In her article “Legal and Financial Issues to Consider When Co-Owning a Home” for NOLO, Janelle Orsi notes that not all communities embrace co-ownership. Orsi writes that “each city or county has a planning agency that enacts zoning ordinances controlling how particular neighborhoods are used.” Residential communities that are zoned single-family only “can conflict with shared housing in several ways.”
For example, these communities might place “restrictions on how many people can live in a home and how many unrelated people can live together.” They might also restrict the number of dwelling units on each lot and outline “extra requirements for multi unit housing.” To make sure you can legally use your co-owned property as you wish, “look at your city’s general plan.” You should also “ask someone at the planning agency, or check your city’s website.”
#3 You Might Struggle to Sell if You Need to Move in the Future
Above, we mentioned a couple different ways co-owners can legally allocate shares. The most common types of joint ownership are tenancy in common and joint tenancy. In a joint tenancy, each co-owner has an equal interest in their property. If a co-owner dies, their share is inherited by the surviving owner. With tenancy in common, shares can be unequal. This means that one co-owner might have a 30% share while the other has a 70% share. Ownership handled in this manner is typically split based on the financial contributions of each partner.
For instance, the co-owner with a 30% share might pay only 30% of the mortgage payments owed each month. Tenants in common do not inherit shares when a co-owner passes away. Instead, these shares are inherited by willed successors. Tenants in common cannot legally sell the entire property or their personal shares without the agreement of all other owners. Joint tenants can sell their shares whenever they wish without co-owner consent. Depending on your co ownership agreement, it could be very difficult to sell your share of the property. If you need to move for a job or other life change, you might spend months fighting your co-owners.
#4 You Could Be Responsible for Paying the Entire Mortgage if Your Co-Owner Defaults
Perhaps the greatest risk involved in co-owning property is co-owner default. If you and your co-owners apply for a joint mortgage and one fails to make payments, you could be forced to cover the balance. In his article “Legal Pitfalls of Buying a House With a Friend” for SF Gate, Tony Guerra explains. Guerra writes that “if your friend later refuses to pay on the mortgage loan you both owe, you’ll still have to make the payments.” When you and your co-owner applied for the loan, you probably determined how much each could afford every month.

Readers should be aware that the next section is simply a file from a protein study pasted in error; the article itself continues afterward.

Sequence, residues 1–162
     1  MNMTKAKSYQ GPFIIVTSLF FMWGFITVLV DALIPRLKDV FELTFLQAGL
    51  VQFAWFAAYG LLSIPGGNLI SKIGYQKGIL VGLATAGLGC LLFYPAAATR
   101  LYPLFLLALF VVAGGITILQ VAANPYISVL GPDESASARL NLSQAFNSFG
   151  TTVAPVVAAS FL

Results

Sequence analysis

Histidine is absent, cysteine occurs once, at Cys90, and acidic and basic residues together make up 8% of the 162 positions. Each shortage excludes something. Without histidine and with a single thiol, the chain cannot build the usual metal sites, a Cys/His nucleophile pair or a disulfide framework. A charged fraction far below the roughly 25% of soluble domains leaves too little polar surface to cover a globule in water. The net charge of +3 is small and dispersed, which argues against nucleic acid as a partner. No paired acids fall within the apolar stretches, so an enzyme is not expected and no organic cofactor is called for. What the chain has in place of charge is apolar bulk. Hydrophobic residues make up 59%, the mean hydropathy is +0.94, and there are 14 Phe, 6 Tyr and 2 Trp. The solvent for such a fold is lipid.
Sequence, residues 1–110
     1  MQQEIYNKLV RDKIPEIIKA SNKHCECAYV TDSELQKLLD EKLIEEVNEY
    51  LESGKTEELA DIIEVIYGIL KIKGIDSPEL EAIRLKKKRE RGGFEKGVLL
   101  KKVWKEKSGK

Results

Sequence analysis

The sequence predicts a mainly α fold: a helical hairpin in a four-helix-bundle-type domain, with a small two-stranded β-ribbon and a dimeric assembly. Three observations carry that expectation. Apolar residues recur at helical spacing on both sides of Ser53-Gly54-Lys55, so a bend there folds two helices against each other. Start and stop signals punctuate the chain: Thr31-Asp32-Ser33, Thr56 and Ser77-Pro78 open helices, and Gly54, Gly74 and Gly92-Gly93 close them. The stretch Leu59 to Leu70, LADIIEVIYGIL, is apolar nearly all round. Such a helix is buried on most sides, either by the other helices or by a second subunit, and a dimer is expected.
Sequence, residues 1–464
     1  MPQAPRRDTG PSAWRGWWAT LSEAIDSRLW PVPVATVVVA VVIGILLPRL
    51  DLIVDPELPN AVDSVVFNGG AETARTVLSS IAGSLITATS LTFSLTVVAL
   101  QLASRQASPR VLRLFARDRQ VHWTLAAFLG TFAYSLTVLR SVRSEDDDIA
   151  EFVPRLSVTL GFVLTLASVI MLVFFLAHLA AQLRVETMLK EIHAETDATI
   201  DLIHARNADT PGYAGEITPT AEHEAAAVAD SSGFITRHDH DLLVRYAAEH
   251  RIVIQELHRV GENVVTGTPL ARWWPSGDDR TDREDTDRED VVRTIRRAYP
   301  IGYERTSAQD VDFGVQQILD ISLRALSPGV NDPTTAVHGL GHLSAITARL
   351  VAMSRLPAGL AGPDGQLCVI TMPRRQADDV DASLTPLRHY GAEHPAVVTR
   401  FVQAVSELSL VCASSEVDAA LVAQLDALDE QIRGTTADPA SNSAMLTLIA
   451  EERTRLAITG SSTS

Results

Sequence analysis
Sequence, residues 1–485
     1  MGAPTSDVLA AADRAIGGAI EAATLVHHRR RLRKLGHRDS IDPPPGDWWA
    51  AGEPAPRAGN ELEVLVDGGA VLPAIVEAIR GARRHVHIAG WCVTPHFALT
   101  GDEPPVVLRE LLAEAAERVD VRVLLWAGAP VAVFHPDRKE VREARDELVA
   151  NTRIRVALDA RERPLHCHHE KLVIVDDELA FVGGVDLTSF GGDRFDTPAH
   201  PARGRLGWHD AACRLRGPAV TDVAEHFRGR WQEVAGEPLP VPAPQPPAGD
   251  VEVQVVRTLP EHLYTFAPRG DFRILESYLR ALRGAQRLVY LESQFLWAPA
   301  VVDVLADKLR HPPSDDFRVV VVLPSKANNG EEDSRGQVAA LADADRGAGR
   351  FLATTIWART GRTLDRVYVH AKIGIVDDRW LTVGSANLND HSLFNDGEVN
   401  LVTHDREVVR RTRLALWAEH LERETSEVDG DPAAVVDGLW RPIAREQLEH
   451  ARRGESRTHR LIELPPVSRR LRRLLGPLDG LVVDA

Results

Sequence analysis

If your friend defaults, paying double what you expected might be impossible. Unfortunately, “if you’re unable to afford the mortgage loan payments that your friend isn’t helping to pay, your home could be foreclosed.” Not only will this cost you your home. It will also majorly damage your credit and ability to buy another house in the future. There is also the possibility that your co-owner could fall ill or pass away — making the remainder of the mortgage your financial responsibility. Thankfully, there are ways to protect yourself if this should happen.
Protecting Yourself with a Credit Life Insurance Policy
In “Buying a House With a Friend as an Investment” for Investopedia, Jean Folger explains how homeowners can protect themselves. Folger recommends that “each partner purchase life insurance on the other to pay off the mortgage in case of death.” The most popular type of life insurance for this purpose is called “credit life insurance.” Writing for NerdWallet in her article “What Is Credit Life Insurance, and Do You Need It?”,” Georgia Rose explains.
Rose writes that “credit life insurance pays off your loan if you die before settling the debt.” If you or your co-owner passes away unexpectedly, your credit life insurance provider pays the lender directly. Some mortgage brokers sell this type of policy, calling it “mortgage life insurance.” Paying into your policy each month ensures your co-owner is protected from financial ruin should you pass away.
Final Thoughts on Co-Owning a Home
In the final section of this post, we offer our advice for co-buying a house with a family member, friend or business partner. Before meeting with a mortgage lender or real estate agent, consider the following to make your co-ownership experience as smooth as possible:
- Decide between tenancy in common and joint tenancy
- Establish how much of the property each tenant will own
- Consider fractional mortgages instead of a joint mortgage
- Draft a co ownership agreement in the presence of a real estate attorney
- Check your co-owner’s credit score and DTI ratio
- Make sure your goals align with your co-owner’s goals
- Determine who will pay for what and when
- Be honest about what you can afford each month